No Windows in Space

Many representations of life in space include windows in the walls of space ships and space dwellings. There will be no windows in space. As an engineering consideration, windows are “factory installed leaks”. Our electronics continue to grow smaller, more flexible and are starting to become built in to everything in our environment. It will be simple to include video sensors at many points on a space hull and do the same thing on the interior surface to provide monitoring viewpoints everywhere, even creating the illusion, if desired, of a totally transparent hull.

The first article below suggests that cameras should not be used to replace mirrors in cars. But this is not right. Instead, cameras should be used to replace all of the windows and provide a drivers viewpoint with no blind spots.

The next article describes using a goggle system to create virtual reality vision for driving tanks. And again, this is a limited thought. With many cameras and many display surfaces, the external view that is needed for guiding the tank could be blended with internal instrumentation creating an “augmented visual cockpit” with no goggles required, allowing the operator maximum natural movement inside the cockpit.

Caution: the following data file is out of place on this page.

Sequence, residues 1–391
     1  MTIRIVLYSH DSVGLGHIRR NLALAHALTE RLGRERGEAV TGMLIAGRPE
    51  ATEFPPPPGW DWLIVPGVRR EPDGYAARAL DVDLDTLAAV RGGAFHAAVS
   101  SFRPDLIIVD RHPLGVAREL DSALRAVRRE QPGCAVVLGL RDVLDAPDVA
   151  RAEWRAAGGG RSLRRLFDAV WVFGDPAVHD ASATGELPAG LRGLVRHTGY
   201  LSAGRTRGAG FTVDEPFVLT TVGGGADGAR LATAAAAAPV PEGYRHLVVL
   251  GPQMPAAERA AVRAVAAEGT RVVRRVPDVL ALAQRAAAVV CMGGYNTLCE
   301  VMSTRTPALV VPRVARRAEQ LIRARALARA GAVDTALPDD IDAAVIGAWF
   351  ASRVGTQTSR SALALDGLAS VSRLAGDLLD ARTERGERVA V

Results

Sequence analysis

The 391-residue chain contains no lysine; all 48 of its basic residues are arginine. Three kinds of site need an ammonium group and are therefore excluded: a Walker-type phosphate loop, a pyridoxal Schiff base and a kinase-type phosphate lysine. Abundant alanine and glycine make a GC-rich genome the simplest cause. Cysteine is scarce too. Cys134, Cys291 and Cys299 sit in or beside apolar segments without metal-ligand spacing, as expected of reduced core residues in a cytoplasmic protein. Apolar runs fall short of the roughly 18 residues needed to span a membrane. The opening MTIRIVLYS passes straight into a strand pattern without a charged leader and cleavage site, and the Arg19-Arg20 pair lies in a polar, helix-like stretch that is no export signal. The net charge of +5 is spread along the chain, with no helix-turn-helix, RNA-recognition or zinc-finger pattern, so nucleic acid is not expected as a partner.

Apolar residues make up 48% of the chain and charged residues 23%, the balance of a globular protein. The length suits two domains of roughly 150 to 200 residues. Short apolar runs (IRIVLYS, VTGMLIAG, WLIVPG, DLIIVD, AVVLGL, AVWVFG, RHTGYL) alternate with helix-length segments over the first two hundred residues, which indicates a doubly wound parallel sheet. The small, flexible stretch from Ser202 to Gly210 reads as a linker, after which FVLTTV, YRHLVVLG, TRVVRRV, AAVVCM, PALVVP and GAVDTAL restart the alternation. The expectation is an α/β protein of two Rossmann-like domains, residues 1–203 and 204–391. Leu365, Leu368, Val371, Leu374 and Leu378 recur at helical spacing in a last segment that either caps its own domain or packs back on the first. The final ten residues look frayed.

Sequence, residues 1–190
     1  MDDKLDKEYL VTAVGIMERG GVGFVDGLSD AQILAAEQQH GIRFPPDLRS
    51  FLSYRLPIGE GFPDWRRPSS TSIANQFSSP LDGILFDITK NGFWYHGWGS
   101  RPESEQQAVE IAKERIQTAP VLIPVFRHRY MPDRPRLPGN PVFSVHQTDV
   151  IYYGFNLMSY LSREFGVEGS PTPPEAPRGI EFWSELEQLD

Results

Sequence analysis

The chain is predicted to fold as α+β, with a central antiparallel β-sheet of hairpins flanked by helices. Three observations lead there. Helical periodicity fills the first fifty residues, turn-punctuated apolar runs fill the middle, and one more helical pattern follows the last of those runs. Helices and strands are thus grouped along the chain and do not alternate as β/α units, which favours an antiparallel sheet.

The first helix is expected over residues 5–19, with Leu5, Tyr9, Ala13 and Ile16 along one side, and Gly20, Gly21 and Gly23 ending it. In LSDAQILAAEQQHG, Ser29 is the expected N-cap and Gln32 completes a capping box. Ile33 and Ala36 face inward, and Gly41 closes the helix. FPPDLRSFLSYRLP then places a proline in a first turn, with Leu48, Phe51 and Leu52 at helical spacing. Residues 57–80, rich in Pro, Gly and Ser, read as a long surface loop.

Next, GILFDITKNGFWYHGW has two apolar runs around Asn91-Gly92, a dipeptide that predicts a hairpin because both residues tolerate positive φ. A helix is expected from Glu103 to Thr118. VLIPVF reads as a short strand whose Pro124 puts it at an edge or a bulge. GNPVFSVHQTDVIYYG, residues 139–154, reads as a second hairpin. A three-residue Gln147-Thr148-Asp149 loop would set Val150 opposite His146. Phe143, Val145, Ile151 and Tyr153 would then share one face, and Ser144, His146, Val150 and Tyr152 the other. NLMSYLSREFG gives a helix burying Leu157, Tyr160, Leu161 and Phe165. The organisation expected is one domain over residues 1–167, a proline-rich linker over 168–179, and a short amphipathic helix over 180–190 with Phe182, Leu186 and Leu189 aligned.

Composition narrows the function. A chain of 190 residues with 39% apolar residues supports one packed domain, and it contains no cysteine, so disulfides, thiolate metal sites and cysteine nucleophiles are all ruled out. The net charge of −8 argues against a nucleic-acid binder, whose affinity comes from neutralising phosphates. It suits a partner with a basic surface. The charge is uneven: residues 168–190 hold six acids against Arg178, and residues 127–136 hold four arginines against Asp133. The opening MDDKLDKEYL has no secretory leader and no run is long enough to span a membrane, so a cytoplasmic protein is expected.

Cameras Instead of Mirrors? Not so Fast Says Experts – [spectrum.ieee.org]

So, if we replace our old mirrors with shiny new side and rear visibility technology, this means we can say goodbye to all that pesky shoulder checking, right? Wrong.

“The model of just backing up looking at a camera is not what we’re looking for,” says Bryan Reimer, a human factors expert at MIT’s AgeLab. His latest research focuses on how to teach drivers to trust and comprehend new automotive technology. Reimer cautions that drivers should not solely rely on cameras to view their blind spots. Instead, drivers should use cameras as assistive technology to help effectively monitor their surroundings.

Norwegian army testing Oculus Rift virtual goggles system for tank drivers – [phys.org]

The Norwegian army has announced that they have begun testing the possibility of using the Oculus Rift virtual goggle system in tanks to help expand the field of view for soldiers inside. Such a system would help tank drivers navigate during battlefield operations when the hatch is down, limiting vision for those attempting to maneuver the vehicle during wartime.

SEE ALSO:

Smart Transparent Metallic Glass
Life in the Asteroid Belt
Homesteading in the Asteroid Belt
Ubiquitous Video Capture
Active Living Spaces

Comments are closed.